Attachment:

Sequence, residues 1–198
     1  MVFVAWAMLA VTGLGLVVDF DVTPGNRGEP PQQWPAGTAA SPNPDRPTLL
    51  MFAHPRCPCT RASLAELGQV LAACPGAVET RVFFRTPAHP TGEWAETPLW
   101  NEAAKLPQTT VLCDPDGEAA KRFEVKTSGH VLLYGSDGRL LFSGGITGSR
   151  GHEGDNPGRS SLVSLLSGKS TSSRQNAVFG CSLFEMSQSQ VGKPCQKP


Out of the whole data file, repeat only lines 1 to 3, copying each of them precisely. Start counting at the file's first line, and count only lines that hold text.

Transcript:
Sequence, residues 1–198
     1  MVFVAWAMLA VTGLGLVVDF DVTPGNRGEP PQQWPAGTAA SPNPDRPTLL
    51  MFAHPRCPCT RASLAELGQV LAACPGAVET RVFFRTPAHP TGEWAETPLW